Energy-Boosting Smoothie on the Go



By Nancy Smorch, Foodie Bitch

It was another one of those days when things just kind of popped into my schedule (or lack thereof!).  The farrier called as he was in the area and had some time to come over and trim the horses’ hooves.  I was thankful he was able to fit us in right when he got back from his trip to Lexington, as a couple of our horses’ hooves were starting to chip – their hooves grew quite a bit last month and the 5 weeks since the last trimming seemed to fly by.

I had also promised our youngest daughter that I would take her into town today so she could look at guitars.  So as soon as the farrier left, we left for the music store.

But first I needed a quick snack, so I pulled out the VitaMix, and threw some stuff together.

I recently bought a few products from Amazing Grass to throw into smoothies as a “booster,” and with all the running around I needed to do, this seemed a good time to grab some extra energy  before I got going on round 2.

Today I thought I would go with the Amazing Grass Green Superfood Energy Lemon Lime Drink Powder. It’s loaded with all kinds of good stuff, including a probiotic and enzyme blend, and a green food blend which includes organic wheat grass, organic barley grass, organic alfalfa, organic spirulina, organic spinach, organic chlorella and organic broccoli, superfoods like organic acai and maca root, and other great ingredients.

It’s flavor is a lemon-lime base, so I struggled for a minute to think what other superfoods I could add that would complement or enhance the flavor.  I went with dates to give it some sweetness – the bananas too.  I had been wanting to combine lemon and chocolate somehow so I went with the cacao nibs.  I wanted the hormone balancing benefit of maca powder, and a little tartness and the health benefits of dried goji berries, and then of course, the Amazing Grass mix.

Here’s what I decided to go with:


1 cup ice

6 pitted dates

1/2 frozen banana

2 Tbsp. cacao nibs

3 tsp. maca powder

1 1/2 cup almond milk

2 Tbsp. dried goji berries

1 scoop Amazing Grass Energy Lemon Lime Drink Powder!

I put all of them in the VitaMix and blended together.  It was surprisingly delicious!  It’s always so much fun to throw stuff together like this and have it work out so well.  You can start with this base and play around with it based on your tastes or totally change it up –  anyway you do it you’re body will appreciate the nutrients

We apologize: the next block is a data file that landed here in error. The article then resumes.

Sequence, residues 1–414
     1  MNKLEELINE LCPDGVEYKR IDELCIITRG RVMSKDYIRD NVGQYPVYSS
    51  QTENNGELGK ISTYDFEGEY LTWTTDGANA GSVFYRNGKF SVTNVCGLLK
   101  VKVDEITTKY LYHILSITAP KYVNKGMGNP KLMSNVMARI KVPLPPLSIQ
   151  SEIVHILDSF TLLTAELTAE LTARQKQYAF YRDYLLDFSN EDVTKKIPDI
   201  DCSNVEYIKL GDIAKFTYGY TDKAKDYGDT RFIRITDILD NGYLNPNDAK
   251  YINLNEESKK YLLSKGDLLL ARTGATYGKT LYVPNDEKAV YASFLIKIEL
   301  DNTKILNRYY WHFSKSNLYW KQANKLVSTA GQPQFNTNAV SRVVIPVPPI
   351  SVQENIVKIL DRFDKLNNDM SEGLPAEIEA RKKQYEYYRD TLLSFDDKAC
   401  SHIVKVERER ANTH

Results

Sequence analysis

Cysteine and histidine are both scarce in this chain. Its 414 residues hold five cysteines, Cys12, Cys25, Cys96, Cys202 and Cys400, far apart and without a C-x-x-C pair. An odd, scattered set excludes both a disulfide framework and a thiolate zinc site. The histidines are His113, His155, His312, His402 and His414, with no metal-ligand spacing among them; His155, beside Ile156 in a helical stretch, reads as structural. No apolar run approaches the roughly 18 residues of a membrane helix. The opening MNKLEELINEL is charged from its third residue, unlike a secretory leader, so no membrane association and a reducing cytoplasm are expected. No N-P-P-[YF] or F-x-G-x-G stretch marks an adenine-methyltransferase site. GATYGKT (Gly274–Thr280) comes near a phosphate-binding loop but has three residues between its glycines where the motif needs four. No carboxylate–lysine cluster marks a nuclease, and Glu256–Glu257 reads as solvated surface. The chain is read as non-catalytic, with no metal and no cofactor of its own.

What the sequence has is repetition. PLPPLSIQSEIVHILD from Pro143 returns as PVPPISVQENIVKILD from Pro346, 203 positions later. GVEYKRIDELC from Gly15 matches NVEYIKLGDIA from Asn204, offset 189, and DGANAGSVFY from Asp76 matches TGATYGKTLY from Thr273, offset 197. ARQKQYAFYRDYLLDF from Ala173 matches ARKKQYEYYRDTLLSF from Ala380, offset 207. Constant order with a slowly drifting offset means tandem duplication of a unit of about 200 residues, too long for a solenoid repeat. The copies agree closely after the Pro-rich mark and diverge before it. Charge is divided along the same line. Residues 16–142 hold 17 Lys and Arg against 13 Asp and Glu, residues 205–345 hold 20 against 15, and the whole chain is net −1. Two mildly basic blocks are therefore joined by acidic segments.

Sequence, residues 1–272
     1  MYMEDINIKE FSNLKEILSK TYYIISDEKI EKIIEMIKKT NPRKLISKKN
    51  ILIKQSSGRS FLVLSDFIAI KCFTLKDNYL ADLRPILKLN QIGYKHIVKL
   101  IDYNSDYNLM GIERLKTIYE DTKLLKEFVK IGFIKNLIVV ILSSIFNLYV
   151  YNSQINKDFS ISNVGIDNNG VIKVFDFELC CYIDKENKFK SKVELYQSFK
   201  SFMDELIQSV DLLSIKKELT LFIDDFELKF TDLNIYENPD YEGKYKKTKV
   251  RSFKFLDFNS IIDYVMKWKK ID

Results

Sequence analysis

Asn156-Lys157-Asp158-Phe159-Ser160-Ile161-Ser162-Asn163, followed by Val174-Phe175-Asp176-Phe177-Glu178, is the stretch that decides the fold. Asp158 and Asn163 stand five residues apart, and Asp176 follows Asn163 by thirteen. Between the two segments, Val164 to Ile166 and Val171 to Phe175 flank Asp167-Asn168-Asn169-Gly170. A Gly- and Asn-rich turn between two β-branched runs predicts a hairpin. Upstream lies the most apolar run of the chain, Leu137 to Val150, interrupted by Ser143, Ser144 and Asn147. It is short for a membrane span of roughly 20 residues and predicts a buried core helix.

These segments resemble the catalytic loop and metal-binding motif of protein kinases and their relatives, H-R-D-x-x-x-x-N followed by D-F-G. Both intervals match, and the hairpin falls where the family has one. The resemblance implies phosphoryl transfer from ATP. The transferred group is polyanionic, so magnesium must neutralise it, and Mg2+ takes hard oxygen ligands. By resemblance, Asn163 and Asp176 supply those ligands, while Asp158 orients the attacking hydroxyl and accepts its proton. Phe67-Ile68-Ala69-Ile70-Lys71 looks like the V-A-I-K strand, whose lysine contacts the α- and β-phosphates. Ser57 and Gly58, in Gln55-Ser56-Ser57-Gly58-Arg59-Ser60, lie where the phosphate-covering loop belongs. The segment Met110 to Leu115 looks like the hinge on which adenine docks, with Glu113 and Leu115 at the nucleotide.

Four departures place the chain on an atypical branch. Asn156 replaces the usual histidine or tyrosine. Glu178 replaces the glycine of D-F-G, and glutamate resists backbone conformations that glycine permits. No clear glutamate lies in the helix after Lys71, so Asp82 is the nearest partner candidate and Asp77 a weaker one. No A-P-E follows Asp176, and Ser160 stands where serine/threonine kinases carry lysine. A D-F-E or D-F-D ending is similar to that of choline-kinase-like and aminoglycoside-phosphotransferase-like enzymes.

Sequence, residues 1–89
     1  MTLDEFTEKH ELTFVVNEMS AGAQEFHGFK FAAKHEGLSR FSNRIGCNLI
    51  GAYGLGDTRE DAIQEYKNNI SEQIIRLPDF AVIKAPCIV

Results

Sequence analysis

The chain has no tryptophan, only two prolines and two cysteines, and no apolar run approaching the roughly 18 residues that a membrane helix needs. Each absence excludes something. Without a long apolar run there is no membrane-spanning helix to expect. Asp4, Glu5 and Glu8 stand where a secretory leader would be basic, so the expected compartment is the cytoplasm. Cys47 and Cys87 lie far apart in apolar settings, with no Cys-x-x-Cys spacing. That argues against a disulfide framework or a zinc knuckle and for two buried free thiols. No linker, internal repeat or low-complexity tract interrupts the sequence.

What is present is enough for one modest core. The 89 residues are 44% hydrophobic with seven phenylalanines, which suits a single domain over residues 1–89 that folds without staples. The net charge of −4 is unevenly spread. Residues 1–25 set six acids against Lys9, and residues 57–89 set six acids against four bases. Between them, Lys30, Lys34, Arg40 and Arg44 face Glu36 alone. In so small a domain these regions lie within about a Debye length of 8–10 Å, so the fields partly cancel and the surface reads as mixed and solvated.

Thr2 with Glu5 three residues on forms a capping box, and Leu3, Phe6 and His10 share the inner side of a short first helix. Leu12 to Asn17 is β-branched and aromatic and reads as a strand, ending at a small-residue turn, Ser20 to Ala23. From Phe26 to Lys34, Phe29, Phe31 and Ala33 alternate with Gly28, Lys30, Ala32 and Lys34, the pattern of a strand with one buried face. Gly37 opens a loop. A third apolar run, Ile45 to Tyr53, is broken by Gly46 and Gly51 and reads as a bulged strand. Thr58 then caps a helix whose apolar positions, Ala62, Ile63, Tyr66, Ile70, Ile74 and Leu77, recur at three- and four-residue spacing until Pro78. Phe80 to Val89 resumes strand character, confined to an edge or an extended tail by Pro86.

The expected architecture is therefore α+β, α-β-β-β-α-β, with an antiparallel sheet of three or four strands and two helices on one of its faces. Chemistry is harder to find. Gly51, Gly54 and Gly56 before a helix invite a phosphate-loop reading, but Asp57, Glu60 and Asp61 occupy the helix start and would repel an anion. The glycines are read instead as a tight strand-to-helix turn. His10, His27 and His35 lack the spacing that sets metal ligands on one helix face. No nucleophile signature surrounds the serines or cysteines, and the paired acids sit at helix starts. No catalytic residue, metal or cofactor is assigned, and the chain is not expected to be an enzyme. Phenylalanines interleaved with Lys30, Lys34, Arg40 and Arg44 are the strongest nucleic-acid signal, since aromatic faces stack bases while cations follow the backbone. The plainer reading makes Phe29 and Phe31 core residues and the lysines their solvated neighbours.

The Gut as a Second Brain


By Nancy Smorch, Foodie Bitch

What may be news to some has been common knowledge to others for quite some time – that the gut functions as a second “brain.” It is a relatively new area of research, and an exciting one, if you ask me (Personally, I believe there are actually three “brains,” when you include the heart!).

The enteric nervous system (ENS) is what is more commonly referred to as the gut’s brain. It lies in the tissue lining the esophagus, stomach, small intestine and colon, and contains over 100 million neurons – more than that of the spinal cord or the peripheral nervous system.

One interesting finding in this area of study, known as neurogastroenterology, is that nearly every substance that controls the brain is also found in the gut -neurotransmitters such as seratonin, dopamine, glutamate, and norepinephrine, to name a few.

Another interesting discovery is the abundance in the gut of a family of psychoactive chemicals that are found in Valium and Xanax…Hmmm.

Also interesting is that much of the communication between the gut and the brain originates in the gut – which has huge implications for psychological issues.  Communication, of course, moves both ways – it goes from the brain to the gut as well, but the fact that the gut is having an effect on the activity of the brain provides hope for those effected by mental imbalances – heal the gut, and hopefully heal the mind.

What does this mean?

It means that the health of your gut is extremely important, and relevant to your overall health. This is both good news and bad news.

Why is it good news? Because it helps shed light on the possible connection between your intestinal health and a number of mental- and brain-related illnesses, such as depression, anxiety, autism, Parkinson’s, and Alzheimer’s, just for starters. Heal your gut and you have a much better chance of preventing or healing a number of other ailments!

Why is this bad news? Because our gastrointestinal (GI) system has, unfortunately, been the brunt of a number of assaults. Take, for example, the overuse of antibiotics in humans. This abuse has stripped the GI system of good bacteria.

Even in those who don’t take antibiotics find that antibiotics still make their way to the intestinal system by the food they eat—animals raised with antibiotics to counteract the unsanitary and unhealthy conditions in which they are raised.

You may recall an earlier post on glyphosate, the chemical routinely used in the pesticides. Glyphosate also attacks the good bacteria in the intestinal system. You can read that post about the dangers of glyphosate in Monsanto products here.

Make sure you take special care of your gut!

It’s fair to assume that your gut  is in need of healing, with so many foods and products on the market and on the earth that are attacking this system.

Chances are, if you are not experiencing any symptoms now, you can prevent a number of illness and conditions down the road by making sure your gut is in good health now.

I can speak from first-hand experience: when my intestinal tract isn’t working properly, my mind isn’t nearly as focused and clear. When I took gluten, which was creating inflammation in my intestines, out of my diet, I experienced greater clarity in my “regular brain.”